For several years now, Congress has been wandering around the wilderness, trying to figure out why so much of America’s intellectual property is being sucked into a giant vortex somewhere over Asia and whether they should do something to stop it, like maybe pass a cybersecurity law. They’ve taken innumerable swings at it, and struck out every time, with the two parties unable to agree on what needs to be in a cybersecurity bill and what entities should be covered by it. Now Congress is in recess and it looks less and less likely that anything will be passed before the end of the session. And, for once, we all should be thankful for our lawmakers’ inability to act.
Congress is good at several things. It’s good at acting in its own interest. It’s good at posturing and showboating. And it’s good at taking nice, long breaks. What it’s not good at is understanding the Internet or acting swiftly and decisively. The current cybersecurity legislation mess is the perfect combination of those two factors. Corporations and government agencies in the U.S. have been getting their heads handed to them by attackers from around the world for several years now. Long-term, persistent campaigns have been targeting defense contractors, energy and utility companies, manufacturing firms and government agencies with an alarming rate of success.
These are not isolated incidents or a string of small attacks over a long period of time. What’s happening is a coordinated, professional series of attacks from a handful of groups with highly skilled members. Some of these groups are private, others are government-funded and others are somewhere in the middle. They’re doing original vulnerability research, buying zero days from others in the underground and using custom malware to go after a specific set of targets with strategic and commercial value. If that sounds like the recipe for something over which Congress would panic and then run off and pass some ill-conceived piece of legislation, it is.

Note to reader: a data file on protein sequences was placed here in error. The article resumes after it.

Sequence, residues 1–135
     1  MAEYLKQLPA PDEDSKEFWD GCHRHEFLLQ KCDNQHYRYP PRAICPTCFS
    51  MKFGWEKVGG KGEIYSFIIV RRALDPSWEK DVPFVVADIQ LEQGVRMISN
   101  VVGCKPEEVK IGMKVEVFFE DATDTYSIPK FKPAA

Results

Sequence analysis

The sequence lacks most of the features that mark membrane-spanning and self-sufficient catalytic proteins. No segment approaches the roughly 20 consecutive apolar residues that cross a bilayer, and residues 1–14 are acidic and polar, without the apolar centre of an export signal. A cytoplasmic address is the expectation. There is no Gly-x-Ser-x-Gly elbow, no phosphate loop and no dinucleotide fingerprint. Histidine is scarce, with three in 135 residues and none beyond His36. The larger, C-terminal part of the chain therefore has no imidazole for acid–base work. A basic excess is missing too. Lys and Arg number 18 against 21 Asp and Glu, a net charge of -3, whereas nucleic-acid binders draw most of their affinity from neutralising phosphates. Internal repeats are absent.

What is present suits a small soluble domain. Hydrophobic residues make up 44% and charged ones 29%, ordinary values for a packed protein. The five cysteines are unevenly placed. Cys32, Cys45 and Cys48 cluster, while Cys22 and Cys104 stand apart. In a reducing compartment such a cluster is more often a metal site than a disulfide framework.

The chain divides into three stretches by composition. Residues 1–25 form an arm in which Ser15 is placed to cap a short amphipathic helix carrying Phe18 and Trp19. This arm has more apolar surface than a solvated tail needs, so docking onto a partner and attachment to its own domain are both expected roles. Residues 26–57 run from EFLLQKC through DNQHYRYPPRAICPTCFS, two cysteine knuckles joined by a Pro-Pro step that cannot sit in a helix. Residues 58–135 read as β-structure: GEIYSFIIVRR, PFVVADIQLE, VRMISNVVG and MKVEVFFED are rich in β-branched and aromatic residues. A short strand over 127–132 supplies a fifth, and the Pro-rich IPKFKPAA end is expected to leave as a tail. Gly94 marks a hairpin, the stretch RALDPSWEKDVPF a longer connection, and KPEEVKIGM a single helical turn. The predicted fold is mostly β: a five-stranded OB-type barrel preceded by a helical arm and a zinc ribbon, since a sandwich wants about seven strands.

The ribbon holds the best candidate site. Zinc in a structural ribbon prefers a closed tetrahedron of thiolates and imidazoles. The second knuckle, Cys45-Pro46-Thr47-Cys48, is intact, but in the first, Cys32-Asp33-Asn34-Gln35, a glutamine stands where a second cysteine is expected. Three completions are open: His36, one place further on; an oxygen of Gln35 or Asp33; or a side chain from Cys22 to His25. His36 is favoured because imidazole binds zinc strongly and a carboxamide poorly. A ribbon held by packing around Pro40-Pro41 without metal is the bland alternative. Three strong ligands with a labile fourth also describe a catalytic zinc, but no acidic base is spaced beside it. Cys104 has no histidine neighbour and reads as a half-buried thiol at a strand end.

Luckily, Congress hasn’t been able to do that.
Because the last thing this situation needs is a goofy, compromised new law mandating yet another set of standards for companies and government agencies to check off. We’ve been going down that road for the last decade and it hasn’t worked. Not only have things not improved, they’ve been getting worse by the year, and no amount of legislation or regulation is going to fix that. This is not a government-solvable problem, at least not in the traditional sense.
But Congress, or at least some members of it, don’t seem to understand that. Sen. Joseph Lieberman sent a letter Monday to President Obama, comparing the threat to U.S. networks from foreign attackers to the threat from terrorists before 9/11. He then urged the president to use his executive authority to somehow influence the situation.
“Countless national security leaders from your Administration and the previous Administration have made clear that the threat from cyber attack is similar to the threat we faced from terrorism on September 10, 2001 – the danger is real and imminent, yet we have not acted to defend against it. We know our adversaries are already stealing valuable intellectual property and exploiting our critical infrastructure – those systems that control our water, electricity, transportation, finance, and communications systems – to prepare for attack,” Lieberman, the chairman of the Homeland Security and Governmental Affairs Committee, wrote in the letter.